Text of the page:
Other worries are plaguing the studios as Aronofsky is also receiving backlash from Christians who were offended by Aronofsky calling Noah "the first environmentalist." Among his critics is the Christian screenwriter Brian Godawa, who called the script "an uninteresting and unbiblical waste of $150 million that will ruin for decades the possibility of making a really great and entertaining movie …. This movie will be rejected by millions of devoted Bible readers worldwide because once again it subverts their own sacred narrative with a political agenda of pagan Earth religion that is offensive to their faith.”
While these rumors swirl, Paramount Vice Chairman Rob Moore says the film is going through the "normal preview process" which "…Darren is overseeing." Moore also explained that the studio "allowed for a very long post-production period, which allowed for a lot of test screenings.”
A spokesman for Aronofsky also commented; "This is a long and collaborative process, and Darren and the studio are working together to make the best version of his movie that they can. To comment on anonymous quotes only gives time and space to false rumors and gossip.”
Whether the film turns out to be an entertaining epic or a big-budget disaster, we'll have to wait and see. Noah, starring Russell Crowe, Anthony Hopkins, Emma Watson and Jennifer Connelly is set to be released March 28, 2014.
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Actress Leah Remini found a little comfort in pal Jennifer Lopez's kids on Saturday (03Aug13) amid the fall-out from her decision to quit the Church of Scientology last month (Jul13). The former star of hit U.S. comedy show King of Queens hit the headlines when she announced she had left the church, which boasts John Travolta and Tom Cruise as high-profile members.
And she turned to a little trampolining fun in Los Angeles to take her mind off the drama.
Remini was spotted at Sky High Sports Trampoline Park with her husband Angelo Pagan, their daughter Sofia and best pal Lopez's twins Max and Emme, who she was babysitting while mum was out of town.
Last week (ends02Aug13), the actress revealed she is planning a tell-all book about her experience as a Scientologist.
So, you want to see a horror movie. But with the influx of new films slated for this fall, where do you begin? Drowning in trailers? Sick of reading reviews? Stop all that nonsense and look no further than our handy dandy guide to choosing the film that best suits your needs. We've broken down each of this fall's new horror movies into its primal elements so you can quickly and effectively find your perfect match.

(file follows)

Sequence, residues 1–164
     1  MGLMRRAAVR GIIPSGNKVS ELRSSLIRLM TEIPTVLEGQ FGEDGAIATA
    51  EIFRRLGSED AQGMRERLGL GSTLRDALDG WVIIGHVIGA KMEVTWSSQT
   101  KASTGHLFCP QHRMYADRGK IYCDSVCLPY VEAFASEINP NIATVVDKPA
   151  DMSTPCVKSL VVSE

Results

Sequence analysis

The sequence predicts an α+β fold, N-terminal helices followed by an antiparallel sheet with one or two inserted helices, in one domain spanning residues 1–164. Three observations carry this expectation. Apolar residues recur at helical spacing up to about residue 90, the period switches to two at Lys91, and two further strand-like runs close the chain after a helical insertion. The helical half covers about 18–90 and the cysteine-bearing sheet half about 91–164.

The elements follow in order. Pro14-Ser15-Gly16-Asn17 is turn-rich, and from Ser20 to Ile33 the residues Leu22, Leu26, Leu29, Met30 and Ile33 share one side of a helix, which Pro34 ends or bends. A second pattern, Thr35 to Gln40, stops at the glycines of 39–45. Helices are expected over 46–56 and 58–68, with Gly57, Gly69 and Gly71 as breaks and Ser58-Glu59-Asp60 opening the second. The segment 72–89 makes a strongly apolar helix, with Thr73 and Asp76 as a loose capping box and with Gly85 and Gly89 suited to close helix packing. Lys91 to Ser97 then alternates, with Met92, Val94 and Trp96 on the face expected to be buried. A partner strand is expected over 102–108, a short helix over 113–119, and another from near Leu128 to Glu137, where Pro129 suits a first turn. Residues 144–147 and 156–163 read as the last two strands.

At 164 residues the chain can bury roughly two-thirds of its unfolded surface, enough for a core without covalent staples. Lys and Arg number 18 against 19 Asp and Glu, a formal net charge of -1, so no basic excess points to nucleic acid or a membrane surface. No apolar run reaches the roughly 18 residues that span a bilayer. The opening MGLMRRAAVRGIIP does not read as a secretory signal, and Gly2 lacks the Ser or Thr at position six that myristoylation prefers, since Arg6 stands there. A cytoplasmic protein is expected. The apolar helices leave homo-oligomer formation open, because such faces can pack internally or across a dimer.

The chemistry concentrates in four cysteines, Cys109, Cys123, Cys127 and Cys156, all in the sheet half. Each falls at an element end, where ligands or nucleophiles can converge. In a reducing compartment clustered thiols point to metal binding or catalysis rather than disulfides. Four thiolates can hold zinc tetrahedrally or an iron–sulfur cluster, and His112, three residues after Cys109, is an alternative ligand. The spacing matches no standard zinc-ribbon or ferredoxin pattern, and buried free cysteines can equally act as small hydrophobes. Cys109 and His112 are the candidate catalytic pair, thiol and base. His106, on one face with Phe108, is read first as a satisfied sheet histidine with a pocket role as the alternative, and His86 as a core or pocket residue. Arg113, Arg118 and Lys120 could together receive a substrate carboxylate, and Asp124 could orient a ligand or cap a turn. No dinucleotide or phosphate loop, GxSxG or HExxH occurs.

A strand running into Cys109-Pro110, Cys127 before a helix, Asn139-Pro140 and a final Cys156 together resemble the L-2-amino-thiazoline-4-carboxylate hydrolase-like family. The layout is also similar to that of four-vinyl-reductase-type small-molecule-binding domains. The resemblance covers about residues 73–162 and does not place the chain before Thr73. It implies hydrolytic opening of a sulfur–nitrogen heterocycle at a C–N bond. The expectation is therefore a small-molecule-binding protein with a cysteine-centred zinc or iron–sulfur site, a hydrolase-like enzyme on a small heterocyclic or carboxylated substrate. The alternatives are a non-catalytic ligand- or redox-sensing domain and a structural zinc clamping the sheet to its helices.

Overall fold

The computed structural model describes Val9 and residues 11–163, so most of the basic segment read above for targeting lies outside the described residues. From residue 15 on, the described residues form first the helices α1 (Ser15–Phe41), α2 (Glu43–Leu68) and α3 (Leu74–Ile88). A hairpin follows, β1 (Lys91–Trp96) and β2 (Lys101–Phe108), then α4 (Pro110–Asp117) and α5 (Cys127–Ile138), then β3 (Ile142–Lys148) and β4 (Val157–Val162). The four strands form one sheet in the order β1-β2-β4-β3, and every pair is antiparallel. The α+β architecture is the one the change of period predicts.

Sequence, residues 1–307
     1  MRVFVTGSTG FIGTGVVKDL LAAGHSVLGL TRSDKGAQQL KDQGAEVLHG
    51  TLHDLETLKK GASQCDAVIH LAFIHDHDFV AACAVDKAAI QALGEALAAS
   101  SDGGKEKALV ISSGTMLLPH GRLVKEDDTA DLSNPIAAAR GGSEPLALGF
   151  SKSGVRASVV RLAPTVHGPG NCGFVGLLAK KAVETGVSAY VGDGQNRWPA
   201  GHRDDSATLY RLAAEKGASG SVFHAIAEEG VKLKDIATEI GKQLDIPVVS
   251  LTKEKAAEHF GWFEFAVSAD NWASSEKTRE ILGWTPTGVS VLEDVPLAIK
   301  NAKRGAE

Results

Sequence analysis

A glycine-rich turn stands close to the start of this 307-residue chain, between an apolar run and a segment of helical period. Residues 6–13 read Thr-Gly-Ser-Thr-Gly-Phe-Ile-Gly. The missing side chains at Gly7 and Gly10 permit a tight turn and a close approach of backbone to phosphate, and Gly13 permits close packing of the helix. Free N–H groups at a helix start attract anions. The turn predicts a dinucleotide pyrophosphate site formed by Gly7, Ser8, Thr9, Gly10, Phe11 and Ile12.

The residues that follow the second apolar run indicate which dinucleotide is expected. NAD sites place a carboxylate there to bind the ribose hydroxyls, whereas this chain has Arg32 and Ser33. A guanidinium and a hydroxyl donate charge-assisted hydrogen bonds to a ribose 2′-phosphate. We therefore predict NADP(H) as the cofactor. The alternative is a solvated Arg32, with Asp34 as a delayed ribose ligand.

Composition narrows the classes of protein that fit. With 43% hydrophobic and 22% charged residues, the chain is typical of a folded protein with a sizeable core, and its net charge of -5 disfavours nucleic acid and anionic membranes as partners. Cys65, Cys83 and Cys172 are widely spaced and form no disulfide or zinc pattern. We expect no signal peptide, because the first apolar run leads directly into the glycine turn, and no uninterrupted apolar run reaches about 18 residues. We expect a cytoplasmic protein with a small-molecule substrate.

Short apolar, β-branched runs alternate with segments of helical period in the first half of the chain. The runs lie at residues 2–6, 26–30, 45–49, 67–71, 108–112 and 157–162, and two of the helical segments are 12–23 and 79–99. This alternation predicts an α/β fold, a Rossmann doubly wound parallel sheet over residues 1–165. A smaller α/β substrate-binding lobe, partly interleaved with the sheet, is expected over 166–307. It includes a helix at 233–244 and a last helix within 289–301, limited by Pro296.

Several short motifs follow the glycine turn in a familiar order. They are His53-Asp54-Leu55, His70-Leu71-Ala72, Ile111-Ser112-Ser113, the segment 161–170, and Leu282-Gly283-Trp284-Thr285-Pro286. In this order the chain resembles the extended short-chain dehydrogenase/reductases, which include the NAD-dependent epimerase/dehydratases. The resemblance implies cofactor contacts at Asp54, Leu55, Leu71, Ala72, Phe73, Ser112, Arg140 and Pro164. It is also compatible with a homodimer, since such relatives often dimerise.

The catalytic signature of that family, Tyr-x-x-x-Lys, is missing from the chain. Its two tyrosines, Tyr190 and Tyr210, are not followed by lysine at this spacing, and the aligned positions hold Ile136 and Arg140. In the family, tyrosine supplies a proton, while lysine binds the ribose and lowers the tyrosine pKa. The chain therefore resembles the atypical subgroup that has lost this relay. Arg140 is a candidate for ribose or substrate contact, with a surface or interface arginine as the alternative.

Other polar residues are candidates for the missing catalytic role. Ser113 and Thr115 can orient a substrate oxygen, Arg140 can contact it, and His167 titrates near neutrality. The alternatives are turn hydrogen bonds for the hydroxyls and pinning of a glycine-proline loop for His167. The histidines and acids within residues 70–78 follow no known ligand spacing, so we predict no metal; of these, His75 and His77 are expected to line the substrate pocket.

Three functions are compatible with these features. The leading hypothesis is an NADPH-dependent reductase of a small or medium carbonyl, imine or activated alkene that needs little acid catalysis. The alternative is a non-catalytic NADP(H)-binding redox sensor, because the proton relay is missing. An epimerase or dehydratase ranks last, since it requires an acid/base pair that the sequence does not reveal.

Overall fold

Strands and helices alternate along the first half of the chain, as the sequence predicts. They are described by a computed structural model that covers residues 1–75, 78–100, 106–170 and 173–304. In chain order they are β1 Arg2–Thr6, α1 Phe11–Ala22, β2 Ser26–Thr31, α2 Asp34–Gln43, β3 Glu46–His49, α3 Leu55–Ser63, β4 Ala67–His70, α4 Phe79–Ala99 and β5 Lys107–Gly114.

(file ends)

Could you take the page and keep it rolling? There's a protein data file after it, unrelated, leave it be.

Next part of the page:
House at the End of the Street
Release Date: Sept. 21
You should see it if… You think blonde Jennifer Lawrence is far superior to brunette Jennifer Lawrence (but let's face it, you're basically obsessed with her always, especially when she's wearing a white tank top). You prefer the "I'm stuck in an abandoned cabin in the woods with a ghost" sub-genre of horror, and you're okay with never living in rural America again. You are a Twitter fiend and love titles that are basically excuses to use a hashtag with a reflexive acronym (#HATES).
Release Date: Oct. 5
You should see it if… You regularly put your own ambition ahead of the safety of your family and you always forget that curiosity killed the cat. You have a borderline unhealthy fascination with pagan symbols and supernatural serial killers. (Who's Bagul? How could you ask such a question!) You think Ethan Hawke deserved an Oscar for Gattaca.
Release Date: Oct. 5
You should see it if… You think VHS tapes are way scarier than DVDs. Found footage horror films are totally your jam; you and your friends rewatch The Blair Project every Halloween. You suffer from ADD and therefore support stories that are told in brief fragments.
Paranormal Activity 4
Release Date: Oct. 19
Rating: Not Yet Rated
You should see it if… You think every movie deserves a sequel… and threequel… fourquel. You think children are terrifying. You think being safe in your home is overrated and you're positive there is something wrong with your new neighbors. Are your lights flickering even though you're sure you paid the electric bill? First, leave your house immediately. Second, watch Paranormal Activity 4 and learn things.
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[Photo Credit: Paramount Pictures; Summit Entertainment
With no new releases from Lars Von Trier, Werner Herzog, David Lynch, David Cronenberg or Richard Kelly, 2010 projected to be a down, if not disastrous year for the WTF Awards – our annual celebration of the most bizarre, baffling, head-scratching and cringe-worthy moments in cinema. Thankfully, the filmmaking community, as it has always done in times of crisis, rallied to fill the void left by the absence of these WTF titans, providing us with an abundance of examples worthy of honor with the Frank Trophy. The Frankie (so named for the beloved character from Donnie Darko) may not be the most prestigious award in Hollywood, but it is undoubtedly the tallest.
This year's winners:
Most Surprising Hit: Alice in Wonderland
That Tim Burton’s CGI confection was a hit is not a surprise; that it grossed over a billion dollars worldwide – enough to rank sixth all-time -- is. Goth and emo kids, it seems, have access to significantly more disposable income than anyone previously thought. And they appear to be multiplying. Time to start building that shelter – and buying Hot Topic stock.
Most Inexplicable Flop: The Tourist